All of these plans have to be described in detail, because they must be executed even in case the main personnel is not available – therefore, they have to be written in such a way that somebody else would be able to execute them.

9. Training and awareness

You need to define the level of competence needed for the execution of business continuity plans in case of disruption, and then train all the personnel (both employees and external partners) to reach this level of competence.

However, this is not enough – you also need to explain to your personnel why BCM is necessary. Let’s face it – your business continuity plans will be used maybe only once in a life time, so most people consider it as a waste of time. Therefore, you have to explain to them why such a thing must exist. (See also How to deal with BCM sceptics)

10. BCMS exercising

If you thought you have written your plans perfectly, you are probably wrong – it is almost impossible to write a plan with no errors right at the beginning. This is why exercising is a mandatory part of BCMS – you have to test your plans in a situation that more or less resembles a real disruption. Only then will you find out what you planned well, and what you didn’t.

11. Maintaining and reviewing the BCMS

Another way to keep your BCMS up-to-date is by defining the intervals at which you will review your business continuity plans, but also other arrangements (e.g. contracts with suppliers and outsourcing partners, training and awareness etc.). There are all sorts of changes in the environment that are threatening your documentation to become obsolete – it is enough for an employee to leave the company to have an unusable telephone number in a plan if that person had a role in the BCMS.

It is also mandatory to perform post-incident review if an incident really occurred – the purpose is to find out how the organization really reacted – did it follow the plans or not.

12. Internal audit

The purpose of internal audit is to find out if there is something wrong, in an objective manner – the internal auditor should be a person who can find out if something is done wrong within your BCMS in order to correct it. If done properly, internal audit could be one of the best ways to improve your BCMS. (Read Dilemmas with ISO 27001 & BS 25999-2 internal auditors)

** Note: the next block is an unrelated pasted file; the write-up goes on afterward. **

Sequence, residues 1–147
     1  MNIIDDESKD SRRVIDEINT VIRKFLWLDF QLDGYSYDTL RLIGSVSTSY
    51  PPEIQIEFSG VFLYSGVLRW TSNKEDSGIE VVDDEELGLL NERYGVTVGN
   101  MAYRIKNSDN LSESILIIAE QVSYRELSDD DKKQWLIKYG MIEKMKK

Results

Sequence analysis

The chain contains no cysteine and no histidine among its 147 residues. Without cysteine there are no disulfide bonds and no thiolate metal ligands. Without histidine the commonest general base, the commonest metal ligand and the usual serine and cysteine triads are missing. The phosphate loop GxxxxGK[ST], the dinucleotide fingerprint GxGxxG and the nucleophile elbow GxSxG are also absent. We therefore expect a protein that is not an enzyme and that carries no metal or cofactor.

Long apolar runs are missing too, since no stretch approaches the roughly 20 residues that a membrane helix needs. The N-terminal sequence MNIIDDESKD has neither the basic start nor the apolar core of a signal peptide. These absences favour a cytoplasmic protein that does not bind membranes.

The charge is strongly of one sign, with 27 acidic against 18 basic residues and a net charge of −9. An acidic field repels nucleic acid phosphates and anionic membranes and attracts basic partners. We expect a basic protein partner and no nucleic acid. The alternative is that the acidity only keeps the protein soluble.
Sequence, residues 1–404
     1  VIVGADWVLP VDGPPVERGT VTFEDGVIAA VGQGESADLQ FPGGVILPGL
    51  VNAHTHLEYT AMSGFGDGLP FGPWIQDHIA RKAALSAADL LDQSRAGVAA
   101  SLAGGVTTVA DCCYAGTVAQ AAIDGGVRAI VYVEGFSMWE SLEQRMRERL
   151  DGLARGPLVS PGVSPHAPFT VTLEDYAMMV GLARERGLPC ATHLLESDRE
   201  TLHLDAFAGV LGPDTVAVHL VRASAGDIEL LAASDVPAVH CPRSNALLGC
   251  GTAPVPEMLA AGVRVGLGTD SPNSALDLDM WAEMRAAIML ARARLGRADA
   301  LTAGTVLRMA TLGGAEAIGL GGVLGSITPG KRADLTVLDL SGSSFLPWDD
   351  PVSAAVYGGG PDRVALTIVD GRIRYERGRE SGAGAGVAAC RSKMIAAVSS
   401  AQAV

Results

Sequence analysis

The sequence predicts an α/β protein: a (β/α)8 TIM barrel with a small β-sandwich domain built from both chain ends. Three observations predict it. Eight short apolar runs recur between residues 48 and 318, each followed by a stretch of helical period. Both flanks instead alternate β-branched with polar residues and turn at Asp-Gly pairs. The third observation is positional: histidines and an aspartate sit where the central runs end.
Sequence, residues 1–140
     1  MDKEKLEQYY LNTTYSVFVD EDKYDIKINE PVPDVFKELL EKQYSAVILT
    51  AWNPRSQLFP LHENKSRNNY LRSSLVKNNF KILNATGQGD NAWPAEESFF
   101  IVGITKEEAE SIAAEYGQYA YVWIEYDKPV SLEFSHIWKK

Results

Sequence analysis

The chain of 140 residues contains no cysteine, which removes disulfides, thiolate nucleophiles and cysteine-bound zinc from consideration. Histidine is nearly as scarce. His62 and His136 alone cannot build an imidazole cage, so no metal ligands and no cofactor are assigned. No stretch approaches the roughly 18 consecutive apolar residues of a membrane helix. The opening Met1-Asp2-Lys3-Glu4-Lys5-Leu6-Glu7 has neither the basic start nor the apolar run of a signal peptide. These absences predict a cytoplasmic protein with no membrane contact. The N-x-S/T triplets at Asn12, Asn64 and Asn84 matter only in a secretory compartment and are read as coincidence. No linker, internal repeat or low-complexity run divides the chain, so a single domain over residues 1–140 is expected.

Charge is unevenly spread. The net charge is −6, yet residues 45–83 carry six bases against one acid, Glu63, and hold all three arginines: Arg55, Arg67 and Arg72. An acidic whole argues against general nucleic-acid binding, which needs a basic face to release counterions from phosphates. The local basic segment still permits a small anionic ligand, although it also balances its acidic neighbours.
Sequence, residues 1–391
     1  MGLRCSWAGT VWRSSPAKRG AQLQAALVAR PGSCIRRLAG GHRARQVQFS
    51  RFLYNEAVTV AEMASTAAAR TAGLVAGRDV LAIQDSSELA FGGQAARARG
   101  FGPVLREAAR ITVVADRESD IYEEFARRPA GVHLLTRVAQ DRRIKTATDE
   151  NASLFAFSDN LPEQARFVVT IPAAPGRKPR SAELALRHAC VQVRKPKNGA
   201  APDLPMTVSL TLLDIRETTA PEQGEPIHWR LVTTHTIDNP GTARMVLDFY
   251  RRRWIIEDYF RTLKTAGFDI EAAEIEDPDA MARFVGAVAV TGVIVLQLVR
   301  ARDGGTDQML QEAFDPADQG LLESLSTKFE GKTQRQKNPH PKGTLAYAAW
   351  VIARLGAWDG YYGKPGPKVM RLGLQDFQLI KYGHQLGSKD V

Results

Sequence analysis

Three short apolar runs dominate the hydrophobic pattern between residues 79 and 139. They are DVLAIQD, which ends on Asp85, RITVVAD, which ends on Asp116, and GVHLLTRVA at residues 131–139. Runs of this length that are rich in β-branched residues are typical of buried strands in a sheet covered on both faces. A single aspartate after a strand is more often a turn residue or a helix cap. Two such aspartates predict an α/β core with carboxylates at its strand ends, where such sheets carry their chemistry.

13. Management review

As said before, it is very important to get your management involved in the project – management review is designed exactly for that. The standard requires the management to examine all the relevant facts about BCM and decide whether it has fulfilled its purpose. Once that is done, the management has to decide which improvements must be made.

14. Preventive and corrective actions

The best thing would be to prevent mistakes (or in terms of BS 25999, the “non-conformities”) from happening – this is what the preventive actions are used for – they are a systematic way of correcting things before a problem occurs. Similar to preventive actions, there are also corrective actions which resolve the problem that has already occurred.

Now the question is – why would you use BS 25999-2? Although it is (still) not an international standard, it is the most popular standard for business continuity worldwide – the abovementioned steps are designed by the best business continuity experts, so if you want to implement the best accepted practices for business continuity, you have to look no further.

Here you can download the diagram of BS 25999-2 implementation process showing all these steps together with the required documentation (registration required).

Cross posted from ISO 27001 & BS 25999 blog – http://blog.iso27001standard.com

Dejan Kosutic

About Dejan Kosutic

Expert in information security management (ISO 27001 standard) and business continuity management (BS 25999-2 standard)